Archive for August 18, 2013

A Painting by Harriett Stoddard Taylor   Leave a comment

Harriett Stoddard Painting

Above:  A Photograph of the Stolen Painting

Image Courtesy of Randolph Fleming Taylor

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Our family has been blessed with the presence of very talented people in all of its branches.  Writers have abounded.  And some painters have been among us.    Harriett Stoddard Taylor (1865-1932) painted.  And so did another great-grandmother, Nellie Sequin Fox Barrett (1876-1958), as this link attests.

Unfortunately, vandals have stolen the painting shown above, which used to hang in the Taylor house in Summerville, Georgia.

KENNETH RANDOLPH TAYLOR

AUGUST 18, 2013 COMMON ERA

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The Condition of Discipleship   1 comment

jmdp-75

Above:  Procession at Haynesville, Alabama, August 9, 2013

Image Source = Bill Monk, Episcopal Diocese of Atlanta

(https://plus.google.com/photos/114749828757741527421/albums/5910907140282601969/5911693666812062834?banner=pwa&pid=5911693666812062834&oid=114749828757741527421)

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EDITOR’S COMMENT:

Jonathan Myrick Daniels (murdered at Haynesville, Alabama, on August 20, 1965, while saving the life of one Ruby Sales), was an Episcopal seminarian who had taken leave to work in the Civil Rights Movement in Alabama.  For his trouble he suffered insults, imprisonment, and murder.  Charles Carpenter, the Bishop of Alabama, concerned that Daniels was causing trouble, committed to writing the possibility of requesting that the seminarian’s bishop recall him to seminary in New England.

Today Daniels is an official saint of The Episcopal Church.

I bring all of this up because of a quote Daniels committed to writing:

There are moments when I’d like to get a high-powered rifle and take to the woods, but more and more strongly I am beginning to feel that ultimately the revolution to which I am committed is the way of the Cross.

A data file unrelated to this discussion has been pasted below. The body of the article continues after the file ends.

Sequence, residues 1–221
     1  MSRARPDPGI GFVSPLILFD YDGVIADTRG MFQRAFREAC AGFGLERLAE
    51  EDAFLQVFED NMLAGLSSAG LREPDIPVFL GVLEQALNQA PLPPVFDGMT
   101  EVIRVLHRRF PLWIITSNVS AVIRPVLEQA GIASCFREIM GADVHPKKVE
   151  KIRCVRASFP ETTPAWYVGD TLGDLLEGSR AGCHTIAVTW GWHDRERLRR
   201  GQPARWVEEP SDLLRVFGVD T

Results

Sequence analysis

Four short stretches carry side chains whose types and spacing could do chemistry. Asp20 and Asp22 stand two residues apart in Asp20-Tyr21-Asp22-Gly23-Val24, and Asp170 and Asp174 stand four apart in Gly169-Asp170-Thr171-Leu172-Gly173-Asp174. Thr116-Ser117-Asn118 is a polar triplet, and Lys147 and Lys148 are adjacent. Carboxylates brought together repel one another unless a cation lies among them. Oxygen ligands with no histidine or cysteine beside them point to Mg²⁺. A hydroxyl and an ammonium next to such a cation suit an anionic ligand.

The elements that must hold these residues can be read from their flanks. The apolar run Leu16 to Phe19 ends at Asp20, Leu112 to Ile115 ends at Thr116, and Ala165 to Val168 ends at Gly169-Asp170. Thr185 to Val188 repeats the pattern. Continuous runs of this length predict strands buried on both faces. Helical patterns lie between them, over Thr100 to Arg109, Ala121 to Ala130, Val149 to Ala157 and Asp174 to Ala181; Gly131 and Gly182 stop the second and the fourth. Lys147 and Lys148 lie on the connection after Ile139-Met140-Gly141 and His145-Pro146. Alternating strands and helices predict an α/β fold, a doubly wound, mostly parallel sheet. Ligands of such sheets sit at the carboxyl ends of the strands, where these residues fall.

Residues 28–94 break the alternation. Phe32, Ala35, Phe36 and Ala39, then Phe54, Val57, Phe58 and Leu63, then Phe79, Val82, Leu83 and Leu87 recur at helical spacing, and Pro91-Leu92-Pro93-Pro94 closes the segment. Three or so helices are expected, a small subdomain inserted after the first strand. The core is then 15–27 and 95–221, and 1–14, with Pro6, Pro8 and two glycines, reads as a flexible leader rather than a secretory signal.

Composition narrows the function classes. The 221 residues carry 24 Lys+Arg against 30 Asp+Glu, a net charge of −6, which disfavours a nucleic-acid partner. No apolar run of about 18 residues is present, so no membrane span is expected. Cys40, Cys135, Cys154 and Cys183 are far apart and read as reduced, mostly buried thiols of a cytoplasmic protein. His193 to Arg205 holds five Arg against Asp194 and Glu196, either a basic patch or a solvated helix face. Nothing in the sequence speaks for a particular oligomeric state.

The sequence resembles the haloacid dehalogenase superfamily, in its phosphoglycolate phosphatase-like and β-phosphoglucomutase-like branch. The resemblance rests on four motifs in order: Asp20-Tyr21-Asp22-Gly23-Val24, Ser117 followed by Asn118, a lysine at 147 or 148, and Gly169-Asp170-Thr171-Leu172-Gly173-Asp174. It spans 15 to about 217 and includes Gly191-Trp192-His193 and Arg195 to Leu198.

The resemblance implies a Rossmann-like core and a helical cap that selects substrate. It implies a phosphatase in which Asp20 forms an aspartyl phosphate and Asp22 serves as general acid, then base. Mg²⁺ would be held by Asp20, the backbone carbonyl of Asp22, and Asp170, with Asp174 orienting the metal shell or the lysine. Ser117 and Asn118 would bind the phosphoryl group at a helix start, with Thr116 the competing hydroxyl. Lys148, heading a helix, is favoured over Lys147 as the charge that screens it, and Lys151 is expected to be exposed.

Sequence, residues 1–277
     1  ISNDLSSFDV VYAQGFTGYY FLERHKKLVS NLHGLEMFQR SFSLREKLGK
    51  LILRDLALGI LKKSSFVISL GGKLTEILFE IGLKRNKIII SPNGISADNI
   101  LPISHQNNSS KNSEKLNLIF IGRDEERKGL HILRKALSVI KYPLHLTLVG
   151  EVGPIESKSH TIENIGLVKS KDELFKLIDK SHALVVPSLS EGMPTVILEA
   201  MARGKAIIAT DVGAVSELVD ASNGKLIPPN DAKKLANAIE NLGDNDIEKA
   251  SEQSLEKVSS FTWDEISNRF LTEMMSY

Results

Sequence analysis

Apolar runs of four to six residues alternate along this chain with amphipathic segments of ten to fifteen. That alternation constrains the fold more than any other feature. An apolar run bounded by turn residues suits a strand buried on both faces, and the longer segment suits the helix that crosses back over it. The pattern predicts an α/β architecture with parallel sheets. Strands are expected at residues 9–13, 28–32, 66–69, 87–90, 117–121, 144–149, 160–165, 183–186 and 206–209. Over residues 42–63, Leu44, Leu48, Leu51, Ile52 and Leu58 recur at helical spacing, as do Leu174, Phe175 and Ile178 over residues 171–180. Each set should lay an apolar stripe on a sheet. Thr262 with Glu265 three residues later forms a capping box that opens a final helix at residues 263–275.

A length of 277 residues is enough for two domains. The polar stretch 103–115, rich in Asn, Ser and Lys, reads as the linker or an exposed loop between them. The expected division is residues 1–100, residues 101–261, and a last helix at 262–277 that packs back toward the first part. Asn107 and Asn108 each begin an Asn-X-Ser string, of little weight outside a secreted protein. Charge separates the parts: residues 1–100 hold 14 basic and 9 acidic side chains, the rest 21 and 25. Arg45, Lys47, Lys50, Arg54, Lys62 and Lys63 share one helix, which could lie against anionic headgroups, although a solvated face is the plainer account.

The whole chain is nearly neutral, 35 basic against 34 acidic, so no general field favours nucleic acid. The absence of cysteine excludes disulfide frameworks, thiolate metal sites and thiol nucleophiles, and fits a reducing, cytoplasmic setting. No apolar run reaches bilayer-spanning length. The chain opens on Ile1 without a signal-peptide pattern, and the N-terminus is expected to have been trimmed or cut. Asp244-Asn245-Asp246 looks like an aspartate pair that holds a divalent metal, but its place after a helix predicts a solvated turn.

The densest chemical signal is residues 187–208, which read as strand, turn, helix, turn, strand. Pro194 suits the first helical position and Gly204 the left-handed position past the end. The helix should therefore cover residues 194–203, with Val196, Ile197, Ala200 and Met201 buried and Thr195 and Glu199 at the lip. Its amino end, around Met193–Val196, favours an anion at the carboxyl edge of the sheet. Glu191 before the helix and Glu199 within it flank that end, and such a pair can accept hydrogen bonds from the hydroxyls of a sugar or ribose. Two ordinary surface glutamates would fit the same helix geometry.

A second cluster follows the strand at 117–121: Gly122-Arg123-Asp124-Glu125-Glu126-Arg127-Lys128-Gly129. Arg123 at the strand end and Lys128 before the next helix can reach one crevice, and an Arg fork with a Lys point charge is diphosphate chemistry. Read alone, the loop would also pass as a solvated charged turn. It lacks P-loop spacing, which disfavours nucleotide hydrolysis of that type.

–Quoted in Taylor Branch, At Canaan’s Edge:  America in the King Years, 1965-68 (New York, NY:  Simon & Schuster, 2006). page 209

Daniels took up his cross and followed Jesus to martyrdom.

KENNETH RANDOLPH TAYLOR

AUGUST 18, 2013 COMMON ERA

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Matt. 10, 37-39

1.  Often different affections collide–one must be chosen.  These preferences reveal the man.

2.  Our Lord demands [that] we should love Him with all the heart.  He must be enthroned as Lord of heart and life.  He gave all for us; shall we do less for Him?

(1)  But sometimes one’s own people oppose his becoming a Christian.   While parents are to be obeyed “in the Lord,” yet the claims of God are higher and not to be set aside for parental opposition to God’s will.  Cease not to love them, but obey God whatever the cost.

Illustration:  Infidel’s daughter driven from home but was true & her father was converted.

(2)  Sometimes He calls to specific service that parents may oppose or may call one from from home.  Shall parental will outrank God’s?  If so, one is unworthy of His love who gave all for us.

3.  Such may be a cross, but it must be borne–following Him.

4.  It is no failure.  Denying self even of friends if need be, is the royal road to eternal fruition.

The heroic age of the church is at the door.  May it dawn today in all its glory.

GEORGE WASHINGTON BARRETT